Information Regarding CFPUA Drinking Water

New Hanover County is working to ensure that the public is kept informed about the presence of GenX in Cape Fear Public Utility Authority’s water supply and any impacts it may have on the community. View the items below to learn more about this issue and see the actions taken by the county so far.

To receive updates from New Hanover County as details become available, please subscribe to news release alerts here.

On June 20, 2017, Chemours announced that it will capture, remove & safely dispose of wastewater containing the byproduct GenX. The announcement can be viewed hereState and federal regulators have confirmed that they will continue testing water and investigating this issue.

New Hanover County Updates:

NCDEQ Updates:

CFPUA Information:

  • View news updates on GenX from CFPUA on their website at CFPUA.org.

INITIAL UPDATE: A call with The Chemours Company was convened on June 9 at the direction of the New Hanover County Board of Commissioners. The call included Chemours’ Products Sustainability Director, and the following local officials: New Hanover County Manager, County Attorney, Deputy County Manager, Assistant County Manager, City of Wilmington Manager, CFPUA Executive Director, County Health Director, County Chief Communications Officer, and other members of the county’s executive leadership team. This meeting was in preparation for a face-to-face meeting that will be held with The Chemours Company in Wilmington, NC the week of June 12. Chemours technical experts will be present at this meeting to respond to questions posed to the company. New Hanover County has requested that NC Department of Environmental Quality attend this meeting as well.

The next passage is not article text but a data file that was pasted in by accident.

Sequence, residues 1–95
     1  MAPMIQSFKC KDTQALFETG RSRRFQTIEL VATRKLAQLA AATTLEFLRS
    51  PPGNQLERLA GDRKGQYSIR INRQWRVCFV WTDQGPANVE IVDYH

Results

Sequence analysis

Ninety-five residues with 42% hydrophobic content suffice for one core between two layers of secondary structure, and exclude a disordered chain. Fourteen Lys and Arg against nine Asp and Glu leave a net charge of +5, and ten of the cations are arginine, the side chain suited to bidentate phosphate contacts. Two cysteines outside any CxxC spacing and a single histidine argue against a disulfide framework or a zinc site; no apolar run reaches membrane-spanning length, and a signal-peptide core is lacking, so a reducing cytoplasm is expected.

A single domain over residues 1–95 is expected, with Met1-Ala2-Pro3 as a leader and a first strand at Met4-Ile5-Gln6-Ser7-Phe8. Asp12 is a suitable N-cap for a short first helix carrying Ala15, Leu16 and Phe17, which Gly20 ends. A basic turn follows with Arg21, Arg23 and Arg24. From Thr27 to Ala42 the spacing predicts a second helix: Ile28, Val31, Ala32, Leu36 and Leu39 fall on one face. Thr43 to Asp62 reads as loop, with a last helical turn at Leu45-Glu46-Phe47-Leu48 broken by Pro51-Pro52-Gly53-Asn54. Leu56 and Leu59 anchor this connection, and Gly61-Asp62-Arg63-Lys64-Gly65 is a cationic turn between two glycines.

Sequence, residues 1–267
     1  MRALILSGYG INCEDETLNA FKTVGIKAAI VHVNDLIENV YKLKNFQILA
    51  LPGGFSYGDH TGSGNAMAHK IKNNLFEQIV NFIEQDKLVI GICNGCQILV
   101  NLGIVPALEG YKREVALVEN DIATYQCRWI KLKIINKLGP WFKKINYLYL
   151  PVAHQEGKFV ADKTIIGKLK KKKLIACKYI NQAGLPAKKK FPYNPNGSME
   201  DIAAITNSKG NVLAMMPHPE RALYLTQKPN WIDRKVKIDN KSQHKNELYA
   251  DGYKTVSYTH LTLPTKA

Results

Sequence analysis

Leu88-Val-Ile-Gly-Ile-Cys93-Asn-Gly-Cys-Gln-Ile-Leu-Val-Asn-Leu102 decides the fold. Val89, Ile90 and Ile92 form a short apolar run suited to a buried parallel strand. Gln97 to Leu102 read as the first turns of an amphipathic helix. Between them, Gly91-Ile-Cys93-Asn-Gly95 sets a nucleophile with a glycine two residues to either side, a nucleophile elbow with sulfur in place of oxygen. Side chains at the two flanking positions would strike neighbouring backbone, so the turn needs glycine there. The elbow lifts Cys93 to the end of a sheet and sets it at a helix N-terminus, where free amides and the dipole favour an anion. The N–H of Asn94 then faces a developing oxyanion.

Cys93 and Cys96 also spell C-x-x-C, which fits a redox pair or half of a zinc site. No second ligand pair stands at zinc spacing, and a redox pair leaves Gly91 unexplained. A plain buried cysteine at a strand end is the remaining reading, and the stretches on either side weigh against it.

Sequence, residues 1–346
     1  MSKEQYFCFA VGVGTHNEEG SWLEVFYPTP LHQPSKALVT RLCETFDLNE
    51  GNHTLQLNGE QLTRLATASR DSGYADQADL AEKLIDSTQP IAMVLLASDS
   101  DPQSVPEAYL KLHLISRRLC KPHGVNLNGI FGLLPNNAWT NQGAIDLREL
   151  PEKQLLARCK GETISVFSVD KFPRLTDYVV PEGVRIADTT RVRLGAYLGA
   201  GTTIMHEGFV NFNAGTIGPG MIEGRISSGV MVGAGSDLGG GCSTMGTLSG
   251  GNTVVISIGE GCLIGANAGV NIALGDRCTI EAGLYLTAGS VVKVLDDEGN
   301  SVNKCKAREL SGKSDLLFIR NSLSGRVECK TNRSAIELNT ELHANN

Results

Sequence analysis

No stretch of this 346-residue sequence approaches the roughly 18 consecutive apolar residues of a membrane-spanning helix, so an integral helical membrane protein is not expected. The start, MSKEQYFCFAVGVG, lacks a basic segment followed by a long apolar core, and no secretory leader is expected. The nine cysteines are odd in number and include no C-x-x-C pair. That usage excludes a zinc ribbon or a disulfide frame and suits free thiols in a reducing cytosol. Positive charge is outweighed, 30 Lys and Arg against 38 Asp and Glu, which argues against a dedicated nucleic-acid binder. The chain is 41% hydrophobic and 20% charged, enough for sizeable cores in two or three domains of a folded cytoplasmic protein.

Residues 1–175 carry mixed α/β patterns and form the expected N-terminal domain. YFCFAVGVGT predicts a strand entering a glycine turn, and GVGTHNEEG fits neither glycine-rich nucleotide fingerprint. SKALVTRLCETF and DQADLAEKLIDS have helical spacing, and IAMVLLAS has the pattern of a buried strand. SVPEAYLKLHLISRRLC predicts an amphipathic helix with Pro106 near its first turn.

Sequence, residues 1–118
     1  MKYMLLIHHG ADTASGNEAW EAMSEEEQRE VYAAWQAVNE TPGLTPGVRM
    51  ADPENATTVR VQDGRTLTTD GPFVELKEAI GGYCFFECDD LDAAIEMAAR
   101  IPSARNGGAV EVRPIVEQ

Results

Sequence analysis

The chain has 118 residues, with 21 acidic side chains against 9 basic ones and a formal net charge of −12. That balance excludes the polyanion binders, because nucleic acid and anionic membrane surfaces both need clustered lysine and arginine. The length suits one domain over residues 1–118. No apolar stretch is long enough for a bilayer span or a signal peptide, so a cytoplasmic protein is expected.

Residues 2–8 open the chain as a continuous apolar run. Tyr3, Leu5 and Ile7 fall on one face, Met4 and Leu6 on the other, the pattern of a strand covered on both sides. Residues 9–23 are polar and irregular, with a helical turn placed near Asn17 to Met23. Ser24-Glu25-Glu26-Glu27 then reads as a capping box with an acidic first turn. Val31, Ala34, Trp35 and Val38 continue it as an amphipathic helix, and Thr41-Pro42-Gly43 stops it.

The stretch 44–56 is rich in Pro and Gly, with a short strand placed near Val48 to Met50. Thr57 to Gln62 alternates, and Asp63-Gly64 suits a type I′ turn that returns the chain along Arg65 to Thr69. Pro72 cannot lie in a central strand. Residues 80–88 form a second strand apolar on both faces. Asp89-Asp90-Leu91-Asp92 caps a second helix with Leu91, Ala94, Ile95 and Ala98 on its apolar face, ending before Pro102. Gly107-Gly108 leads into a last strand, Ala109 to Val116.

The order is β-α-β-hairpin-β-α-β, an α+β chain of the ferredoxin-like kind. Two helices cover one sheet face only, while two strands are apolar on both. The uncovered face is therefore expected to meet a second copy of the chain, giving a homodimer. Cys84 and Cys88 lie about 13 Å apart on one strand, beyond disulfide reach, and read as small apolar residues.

CFPUA, the water authority that provides water to much of New Hanover County, meets all state and federal drinking water standards for health and safety. That said, New Hanover County is working with CFPUA and our regulators to insist that public information be released regarding the safety of GenX, and that appropriate enforcement is done to ensure public health.

UPDATE FROM NC DHHS
On June 16, the NC Department of Health and Human Services (NC DHHS) provided public health officials with the following statement: DHHS is continuing to work with EPA and reviewing all available science to provide partners and the public with the most current health risk information for GenX. This includes continuing to refine and update the health screening level as new information becomes available. As a reminder, health screening levels are non-regulatory, non-enforceable levels that represent the level below which no adverse health effects would be expected. Any changes to health screening levels will be shared with partners as soon as possible. Currently, there is no change in our assessment that health effects are unlikely at the levels detected in the Cape Fear River during 2013-2014.

For specific questions, the public can contact CFPUA through their website or call 910-332-6550. In addition, the state and federal regulators of drinking water can be contacted at the following numbers:

  • NC Department of Environmental Quality: 1-877-623-6748
    • View the NCDEQ website for updates on their GenX investigation
  • US Environmental Protection Agency’s regional office: 1-800-241-1754

Meeting Notes: Read a summary of the meeting, provided by the Star News pool reporter in the meeting with Chemours, here.

Photos: View pictures taken at the beginning of the meeting here.

Press Conference: Following the meeting with Chemours, local and state officials held a press conference to provide details from the meeting and answer questions from the media. A full video of Thursday’s press conference can be viewed on the county’s YouTube page.